“Dairy compacts are a dud for consumers,” said FMI President and CEO Tim Hammonds. Since it was formed in 1997, the Northeast compact has already cost consumers $140 million in additional milk costs, according to government data and economic research. “The cost will soar well past the $1 billion mark,” he said, if Congress approves proposals to form compacts in more than 20 Mid-Atlantic, Southeastern and Southern Plains states.
He urged the Senate to reject proposals to renew the Northeast compact before it expires September 30, 2001, and not to authorize the creation of new ones. Hammonds commented as the Senate Judiciary Committee prepared for hearings scheduled tomorrow on the issue.
Dairy compacts raise the price of milk above the federal support level set by the marketing order in a specific region. Each month, the Northeast Dairy Compact Commission sets the so-called over-order premium; a typical figure is 15 cents per gallon of milk. Processors in the region are required to pay the 15-cent premium when purchasing milk ingredients from local dairy farmers. And they cannot pay less for lower-cost products from farmers outside the region.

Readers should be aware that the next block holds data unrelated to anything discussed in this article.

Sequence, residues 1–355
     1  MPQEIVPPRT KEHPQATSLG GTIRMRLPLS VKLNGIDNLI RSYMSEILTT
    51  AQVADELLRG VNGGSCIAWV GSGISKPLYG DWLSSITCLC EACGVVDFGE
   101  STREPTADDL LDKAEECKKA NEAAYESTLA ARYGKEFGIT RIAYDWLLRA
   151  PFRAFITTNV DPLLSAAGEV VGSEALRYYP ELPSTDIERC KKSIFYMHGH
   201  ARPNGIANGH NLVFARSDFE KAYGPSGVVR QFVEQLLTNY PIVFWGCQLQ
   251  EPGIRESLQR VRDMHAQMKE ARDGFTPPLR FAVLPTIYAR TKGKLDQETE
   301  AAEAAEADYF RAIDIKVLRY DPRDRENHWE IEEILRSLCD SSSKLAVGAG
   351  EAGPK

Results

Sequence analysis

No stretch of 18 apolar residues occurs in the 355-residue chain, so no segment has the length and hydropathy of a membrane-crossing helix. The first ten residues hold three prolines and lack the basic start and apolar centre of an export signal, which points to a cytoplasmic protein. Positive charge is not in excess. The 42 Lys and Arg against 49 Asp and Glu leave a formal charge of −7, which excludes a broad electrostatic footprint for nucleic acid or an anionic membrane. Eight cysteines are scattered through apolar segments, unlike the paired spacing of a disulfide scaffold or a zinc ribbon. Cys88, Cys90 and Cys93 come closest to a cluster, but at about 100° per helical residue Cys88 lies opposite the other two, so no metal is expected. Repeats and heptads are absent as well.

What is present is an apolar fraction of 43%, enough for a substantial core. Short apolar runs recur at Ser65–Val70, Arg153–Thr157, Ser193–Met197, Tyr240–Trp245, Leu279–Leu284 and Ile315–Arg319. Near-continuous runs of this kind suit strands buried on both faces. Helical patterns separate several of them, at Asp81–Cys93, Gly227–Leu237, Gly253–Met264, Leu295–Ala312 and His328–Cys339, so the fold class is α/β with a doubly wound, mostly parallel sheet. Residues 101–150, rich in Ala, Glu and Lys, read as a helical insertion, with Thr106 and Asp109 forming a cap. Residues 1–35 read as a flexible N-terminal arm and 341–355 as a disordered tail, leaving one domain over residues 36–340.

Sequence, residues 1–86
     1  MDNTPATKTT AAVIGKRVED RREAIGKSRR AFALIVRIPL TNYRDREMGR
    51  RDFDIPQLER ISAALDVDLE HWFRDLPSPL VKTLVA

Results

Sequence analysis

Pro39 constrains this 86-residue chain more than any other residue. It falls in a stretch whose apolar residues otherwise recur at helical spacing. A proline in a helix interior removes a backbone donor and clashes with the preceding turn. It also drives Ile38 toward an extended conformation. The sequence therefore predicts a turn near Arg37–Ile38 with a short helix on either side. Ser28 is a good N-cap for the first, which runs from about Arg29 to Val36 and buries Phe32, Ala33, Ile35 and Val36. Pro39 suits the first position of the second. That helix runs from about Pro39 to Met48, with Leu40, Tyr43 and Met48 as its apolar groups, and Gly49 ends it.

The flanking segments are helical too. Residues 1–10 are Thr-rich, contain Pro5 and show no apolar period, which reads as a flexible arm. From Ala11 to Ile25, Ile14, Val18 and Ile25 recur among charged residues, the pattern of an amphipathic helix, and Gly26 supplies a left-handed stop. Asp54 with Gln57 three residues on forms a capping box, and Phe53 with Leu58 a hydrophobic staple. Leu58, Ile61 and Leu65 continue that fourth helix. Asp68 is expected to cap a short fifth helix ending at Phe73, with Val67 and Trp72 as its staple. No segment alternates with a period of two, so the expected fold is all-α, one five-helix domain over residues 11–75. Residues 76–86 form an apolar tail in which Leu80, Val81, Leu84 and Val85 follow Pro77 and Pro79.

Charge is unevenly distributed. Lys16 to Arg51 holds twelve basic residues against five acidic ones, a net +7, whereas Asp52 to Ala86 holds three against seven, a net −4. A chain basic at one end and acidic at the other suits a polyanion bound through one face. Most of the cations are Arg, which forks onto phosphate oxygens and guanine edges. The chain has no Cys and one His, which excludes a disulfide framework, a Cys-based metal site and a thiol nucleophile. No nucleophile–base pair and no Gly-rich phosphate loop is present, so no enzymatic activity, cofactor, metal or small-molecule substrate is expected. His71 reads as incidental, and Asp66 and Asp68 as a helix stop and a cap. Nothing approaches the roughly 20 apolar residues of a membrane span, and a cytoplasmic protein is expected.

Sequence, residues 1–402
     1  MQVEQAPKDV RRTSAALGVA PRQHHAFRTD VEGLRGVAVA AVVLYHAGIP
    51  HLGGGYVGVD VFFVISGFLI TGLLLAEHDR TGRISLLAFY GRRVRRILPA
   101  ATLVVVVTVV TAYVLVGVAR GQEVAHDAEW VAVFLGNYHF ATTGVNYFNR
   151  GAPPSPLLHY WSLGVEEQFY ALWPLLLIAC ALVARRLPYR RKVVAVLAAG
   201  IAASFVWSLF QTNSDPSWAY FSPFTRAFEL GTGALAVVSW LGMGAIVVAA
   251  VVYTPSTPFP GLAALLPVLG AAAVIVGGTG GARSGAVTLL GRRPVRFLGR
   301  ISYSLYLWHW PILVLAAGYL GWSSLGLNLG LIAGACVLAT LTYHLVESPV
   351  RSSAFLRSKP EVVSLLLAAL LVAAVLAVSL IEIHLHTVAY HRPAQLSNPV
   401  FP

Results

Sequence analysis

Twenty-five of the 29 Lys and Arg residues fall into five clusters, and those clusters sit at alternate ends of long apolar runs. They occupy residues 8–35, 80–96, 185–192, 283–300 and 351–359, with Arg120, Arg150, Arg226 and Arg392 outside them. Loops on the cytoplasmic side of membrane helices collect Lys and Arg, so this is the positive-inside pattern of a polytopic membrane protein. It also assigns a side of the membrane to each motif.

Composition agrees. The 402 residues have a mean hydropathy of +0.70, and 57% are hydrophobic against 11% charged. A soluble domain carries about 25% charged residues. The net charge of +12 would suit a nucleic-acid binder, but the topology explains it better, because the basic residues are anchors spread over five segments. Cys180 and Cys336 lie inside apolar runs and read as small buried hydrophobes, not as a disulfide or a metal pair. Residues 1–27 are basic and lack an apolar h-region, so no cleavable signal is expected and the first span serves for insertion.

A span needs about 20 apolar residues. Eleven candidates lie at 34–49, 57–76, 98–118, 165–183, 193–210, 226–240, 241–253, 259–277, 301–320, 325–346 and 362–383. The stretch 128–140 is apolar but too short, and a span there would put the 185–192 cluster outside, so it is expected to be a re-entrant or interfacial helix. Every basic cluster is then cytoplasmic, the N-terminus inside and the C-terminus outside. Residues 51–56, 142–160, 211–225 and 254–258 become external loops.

Dairy Compact Cartels Prevent Free Flow of Milk From Low-Cost Producers
“Dairy compacts raise the price of milk in a region by preventing the free flow of milk from low-cost producers in other states,” wrote FMI Senior Vice President John Motley in a letter to each senator accompanying the Milk Duds.
“Since the inception of the Northeast Dairy Compact,” Motley added. “New England fluid milk prices have increased, milk consumption has been hurt, and small New England dairy farms continue to go out of business at an even faster rate.
“The Northeast Interstate Dairy Compact is a cartel that hurts milk consumers. It is an unfair tax that particularly hurts lower-income milk drinkers who can least afford to pay higher milk prices.”
A Dangerous Precedent That Could Destroy Interstate Commerce
“If Congress passes compact legislation,” Motley concluded, “a precedent will be set that could destroy interstate commerce. This would encourage other commodity groups to seek an exemption in order to create other cartels.”